In a typical American household, the family might own a connected TV, which was purchased in the last 2 years, an iPad, as the “must-have” tablet, an Xbox360 for the kids to play on, a combination of iPhone and Android smartphones and perhaps even a Roku or AppleTV device for that old TV in the den. In this mix, we have 4 or 5 ecosystems that compete with each other and do not allow content exchange. However, thanks to Twonky technologies and the Twonky Beam mobile app, users can now tie all their devices into the same ecosystem. With their smartphone or tablet, individuals can find and discover content from local or online sources and beam that content on connected device at home, whatever the manufacturer is from iPad to Google TV, android Tablet to AppleTV, and anything in between. So for us, the more segmented this space becomes, the greater our opportunity to solve interoperability issue for the end users.

AS: People appear to be moving from an 'owned' solution to a 'loaned' solution, thanks to Netflix and Spotify. Where does this leave Twonky?

JR: We believe that the tablet or phone, or the “second screen”, is the best way to interact with content and we are already supporting a Netflix-like premium service in Japan. Twonky users can access the Beaming app on their tablet or phone to navigate the service website and from there content can be played on connected devices around the home, or even copied locally for disconnected playback. We also support a premium audio service similar to Spotify, which will be available within Twonky Beam in a future release. It is just a matter of time before we expand the supported premium services to more geographies as our business relationships grow.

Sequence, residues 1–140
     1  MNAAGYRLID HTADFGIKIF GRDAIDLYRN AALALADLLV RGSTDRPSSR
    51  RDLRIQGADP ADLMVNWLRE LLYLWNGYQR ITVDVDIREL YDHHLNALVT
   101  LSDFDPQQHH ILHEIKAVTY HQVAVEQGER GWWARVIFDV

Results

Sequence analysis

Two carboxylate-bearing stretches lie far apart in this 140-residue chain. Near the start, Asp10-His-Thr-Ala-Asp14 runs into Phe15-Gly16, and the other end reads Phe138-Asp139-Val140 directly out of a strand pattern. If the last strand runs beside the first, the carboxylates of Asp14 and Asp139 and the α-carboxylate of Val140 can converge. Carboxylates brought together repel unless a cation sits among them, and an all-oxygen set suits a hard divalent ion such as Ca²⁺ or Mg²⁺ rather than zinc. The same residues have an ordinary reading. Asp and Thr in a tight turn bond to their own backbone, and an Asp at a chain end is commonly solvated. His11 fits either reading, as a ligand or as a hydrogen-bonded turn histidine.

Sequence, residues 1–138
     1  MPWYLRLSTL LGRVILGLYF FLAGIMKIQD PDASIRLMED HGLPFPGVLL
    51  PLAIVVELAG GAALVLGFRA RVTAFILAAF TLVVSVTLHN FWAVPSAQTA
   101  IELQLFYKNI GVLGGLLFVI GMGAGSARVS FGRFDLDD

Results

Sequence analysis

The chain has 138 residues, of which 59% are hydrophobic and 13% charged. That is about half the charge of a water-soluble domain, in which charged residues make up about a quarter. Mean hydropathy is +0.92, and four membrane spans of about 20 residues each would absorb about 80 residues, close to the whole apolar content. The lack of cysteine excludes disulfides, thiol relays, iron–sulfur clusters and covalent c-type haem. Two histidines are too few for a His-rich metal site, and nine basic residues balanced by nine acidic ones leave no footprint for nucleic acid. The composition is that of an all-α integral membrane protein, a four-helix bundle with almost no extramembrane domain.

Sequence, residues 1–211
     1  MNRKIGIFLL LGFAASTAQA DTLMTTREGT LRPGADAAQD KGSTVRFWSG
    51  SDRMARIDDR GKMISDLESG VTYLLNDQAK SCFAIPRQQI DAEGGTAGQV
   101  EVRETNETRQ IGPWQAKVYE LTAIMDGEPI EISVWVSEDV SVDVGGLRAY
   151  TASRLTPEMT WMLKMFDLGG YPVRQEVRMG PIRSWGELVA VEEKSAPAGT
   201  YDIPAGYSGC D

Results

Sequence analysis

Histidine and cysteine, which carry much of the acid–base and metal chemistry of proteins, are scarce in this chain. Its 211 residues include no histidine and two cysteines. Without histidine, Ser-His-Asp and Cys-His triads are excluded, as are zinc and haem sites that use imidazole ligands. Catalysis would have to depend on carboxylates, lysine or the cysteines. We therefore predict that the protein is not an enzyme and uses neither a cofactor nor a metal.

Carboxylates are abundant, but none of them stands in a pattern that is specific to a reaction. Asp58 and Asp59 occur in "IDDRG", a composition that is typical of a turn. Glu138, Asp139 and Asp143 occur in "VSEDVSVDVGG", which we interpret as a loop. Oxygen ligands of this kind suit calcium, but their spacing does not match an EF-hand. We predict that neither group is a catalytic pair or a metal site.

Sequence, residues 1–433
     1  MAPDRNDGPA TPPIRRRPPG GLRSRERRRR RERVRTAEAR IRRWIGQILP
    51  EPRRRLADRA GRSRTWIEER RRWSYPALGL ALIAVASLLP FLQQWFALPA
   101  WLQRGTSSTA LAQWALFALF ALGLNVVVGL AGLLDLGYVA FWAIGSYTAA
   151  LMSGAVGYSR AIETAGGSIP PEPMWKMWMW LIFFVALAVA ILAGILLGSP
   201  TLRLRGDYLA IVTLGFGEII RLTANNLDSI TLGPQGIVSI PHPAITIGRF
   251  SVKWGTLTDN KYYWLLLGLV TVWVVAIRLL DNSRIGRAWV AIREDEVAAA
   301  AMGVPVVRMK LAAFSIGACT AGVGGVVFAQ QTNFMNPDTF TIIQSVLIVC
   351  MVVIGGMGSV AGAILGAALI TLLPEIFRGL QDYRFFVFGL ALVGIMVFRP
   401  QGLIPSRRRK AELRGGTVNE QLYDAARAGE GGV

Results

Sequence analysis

AS: Do you see people moving away from NAS as a media hub, and toward NAS as simple storage?

JR: Honestly, I see people moving away from NAS and into Online Storage Services. NAS is a relatively advanced solution, which requires some technical skill to setup and use, and will continue to exist for a niche of users that value their privacy more than their access to content. However, as Facebook shows us, most people value access to information more than their privacy.

AS: The latest version of Twonky does not support custom trees. This is proving problematic for Linn users, who are staying with v6, and using QNAP NAS drives, or even looking to alternate solutions. Has Twonky switched off the customization option forever?

JR: The customisation option was never supported as an end user feature in v6, even though some forum users figured out how to do it. Packetvideo are aware of the special customised views provided in the forum for Linn devices, even though Linn devices had not claimed to support this feature.

Nevertheless, these forum communities are great, and raise some important issues for manufacturers to develop. Take the extraordinary Phibertron breaking down the new server v7 structure here so that people can customise it:

While we can’t be sure that ideas, like those offered by Phibertron here will solve the Linn issue, they certainly point towards a valuable direction of investigation for manufacturers like Twonky.

AS: Jerome, thank you for your time